Waist-to-height ratio (WHtR) is superior to body mass index and waist circumference for measuring adult cardio-metabolic risk factors. However, there is no meta-analysis to evaluate its discriminatory power in children and adolescents. A meta-analysis was conducted using multiple databases, including Embase and Medline. Studies were included that utilized receiver-operating characteristics curve analysis and published area under the receiver-operating characteristics curves (AUC) for adiposity indicators with hyperglycaemia, elevated blood pressure, dyslipidemia, metabolic syndrome and other cardio-metabolic outcomes. Thirty-four studies met the inclusion criteria. AUC values were extracted and pooled using a random-effects model and were weighted using the inverse variance method. The mean AUC values for each index were greater than 0.6 for most outcomes including hypertension. The values were the highest when screening for metabolic syndrome (AUC > 0.8). WHtR did not have significantly better screening power than other two indexes in most outcomes, except for elevated triglycerides when compared with body mass index and high metabolic risk score when compared with waist circumference. Although not being superior in discriminatory power, WHtR is convenient in terms of measurement and interpretation, which is advantageous in practice and allows for the quick identification of children with cardio-metabolic risk factors at an early age.

  18. Role of ω3 long-chain polyunsaturated fatty acids in reducing cardio-metabolic risk factors.

    Science.gov (United States)

    Abeywardena, Mahinda Y; Patten, Glen S

    2011-09-01

    atherogenic form to the larger, less damaging particle size, have also been noted. ω3 LC-PUFA are effective modulators of the inflammation that accompanies several cardio-metabolic abnormalities. Taking into consideration the pleiotropic nature of their actions, it can be concluded that dietary supplementation with ω3 LC-PUFA will lead to improvements in cardio-metabolic health parameters. These fatty acids pose only minor side effects and more importantly, do not interact adversely with the common drug therapies used in the management and treatment of hypertension, dyslipidemia, type-2 diabetes, and obesity/metabolic syndrome, but in some instances work synergistically, thereby providing additional cardiovascular benefits.

  19. Threshold values of sagittal abdominal diameter for the detection of cardio-metabolic risk factors in Northeastern Mexico: a cross-sectional study

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    Francisco Javier Guzmán de la Garza

    Full Text Available Background: The use of sagittal abdominal diameter (SAD has been proposed for screening cardio-metabolic risk factors; however, its accuracy can be influenced by the choice of thresholds values. Aim: To determine the SAD threshold values for cardio-metabolic risk factors in Mexican adults; to assess whether parallel and serial SAD testing can improve waist circumference (WC sensitivity and specificity; and to analyze the effect of considering SAD along with WC and body mass index (BMI in detecting cardio-metabolic risk. Methods: This cross-sectional study was conducted during 2012-2014 in Northeast Mexico (n = 269. Data on anthropometric, clinical, and biochemical measurements were collected. Sex-adjusted receiver-operating characteristic curves (ROC were obtained using hypertension, dysglycemia, dyslipidemia and insulin resistance as individual outcomes and metabolic syndrome as a composite outcome. Age-adjusted odds ratios and 95% confidence intervals (CI were estimated using logistic regression. Results: The threshold value for SAD with acceptable combination of sensitivity and specificity was 24.6 cm in men and 22.5 cm in women. Parallel SAD testing improved WC sensitivity and serial testing improved WC specificity. The co-occurrence of high WC/high SAD increased the risk for insulin resistance by 2.4-fold (95% CI: 1.1-5.3, high BMI/high SAD by 4.3-fold (95% CI: 1.7-11.9 and SAD alone by 2.2-fold (95% CI: 1.2.-4.2. Conclusions: The use of SAD together with traditional obesity indices such as WC and BMI has advantages over using either of these indices alone. SAD may be a powerful screening tool for interventions for high-risk individuals.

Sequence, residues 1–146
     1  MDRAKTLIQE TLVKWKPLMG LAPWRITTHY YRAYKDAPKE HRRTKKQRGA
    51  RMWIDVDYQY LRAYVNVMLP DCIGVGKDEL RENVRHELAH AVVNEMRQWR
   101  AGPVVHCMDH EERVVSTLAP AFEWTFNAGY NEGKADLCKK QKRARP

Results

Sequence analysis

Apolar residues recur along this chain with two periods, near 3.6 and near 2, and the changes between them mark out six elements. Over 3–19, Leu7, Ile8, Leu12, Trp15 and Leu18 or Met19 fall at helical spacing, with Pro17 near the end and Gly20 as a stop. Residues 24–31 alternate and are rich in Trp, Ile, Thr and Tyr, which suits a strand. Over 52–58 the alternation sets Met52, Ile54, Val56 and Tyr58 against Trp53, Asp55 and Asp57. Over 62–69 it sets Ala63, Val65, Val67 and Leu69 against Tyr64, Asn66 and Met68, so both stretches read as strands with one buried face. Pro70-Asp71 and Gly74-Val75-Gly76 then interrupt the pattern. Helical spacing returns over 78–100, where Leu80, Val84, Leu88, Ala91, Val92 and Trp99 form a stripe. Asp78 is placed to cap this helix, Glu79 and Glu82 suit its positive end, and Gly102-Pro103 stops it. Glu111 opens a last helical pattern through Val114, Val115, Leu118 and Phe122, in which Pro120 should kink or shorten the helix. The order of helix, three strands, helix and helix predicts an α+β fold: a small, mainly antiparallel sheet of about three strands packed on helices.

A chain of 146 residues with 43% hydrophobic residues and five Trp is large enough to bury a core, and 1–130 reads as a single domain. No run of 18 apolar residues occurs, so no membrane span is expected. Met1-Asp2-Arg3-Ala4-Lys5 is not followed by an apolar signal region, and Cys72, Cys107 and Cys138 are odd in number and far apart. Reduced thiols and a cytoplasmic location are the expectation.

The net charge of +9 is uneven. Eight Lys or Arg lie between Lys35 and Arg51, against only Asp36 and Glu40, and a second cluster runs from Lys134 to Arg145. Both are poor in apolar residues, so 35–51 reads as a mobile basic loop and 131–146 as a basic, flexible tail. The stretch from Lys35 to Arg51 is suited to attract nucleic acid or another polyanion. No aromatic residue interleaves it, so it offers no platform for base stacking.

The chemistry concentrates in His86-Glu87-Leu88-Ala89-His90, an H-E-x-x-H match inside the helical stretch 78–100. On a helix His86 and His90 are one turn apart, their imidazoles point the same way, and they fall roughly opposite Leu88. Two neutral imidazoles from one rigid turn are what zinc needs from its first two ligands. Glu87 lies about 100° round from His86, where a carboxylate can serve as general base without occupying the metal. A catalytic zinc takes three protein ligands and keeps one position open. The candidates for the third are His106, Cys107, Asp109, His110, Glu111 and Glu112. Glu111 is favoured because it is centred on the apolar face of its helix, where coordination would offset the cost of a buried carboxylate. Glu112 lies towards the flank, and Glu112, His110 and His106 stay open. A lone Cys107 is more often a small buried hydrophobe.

20. Predicting incident fatty liver using simple cardio-metabolic risk factors at baseline

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    Sung Ki-Chul

    2012-07-01

    Full Text Available Abstract Background Non alcoholic fatty liver disease (NAFLD is associated with increased risk of type 2 diabetes and chronic liver disease but identifying patients who have NAFLD without resorting to expensive imaging tests is challenging. In order to help identify people for imaging investigation of the liver who are at high risk of NAFLD, our aim was to: a identify easily measured risk factors at baseline that were independently associated with incident fatty liver at follow up, and then b to test the diagnostic performance of thresholds of these factors at baseline, to predict or to exclude incident fatty liver at follow up. Methods 2589 people with absence of fatty liver on ultrasound examination at baseline were re-examined after a mean of 4.4 years in a Korean occupational cohort study. Multi-variable logistic regression analyses were used to identify baseline factors that were independently associated with incident fatty liver at follow up. The diagnostic performance of thresholds of these baseline factors to identify people with incident fatty liver at follow-up was assessed using receiver operating characteristic (ROC curves. Results 430 incident cases of fatty liver were identified. Several factors were independently associated with incident fatty liver: increased triglyceride (per mmol/l increase OR 1.378 [95%CIs 1.179, 1.611], p 9/L increase OR 1.004 [1.001, 1.006], p = 0.001; were each independently associated with incident fatty liver. Binary thresholds of the five factors were applied and the area under the ROC curve for incident fatty liver was 0.75 (95%CI 0.72–0.78 for the combination of all five factors above these thresholds. Conclusion Simple risk factors that overlap considerably with risk factors for type 2 diabetes allow identification of people at high risk of incident fatty liver at who use of hepatic imaging could be targeted.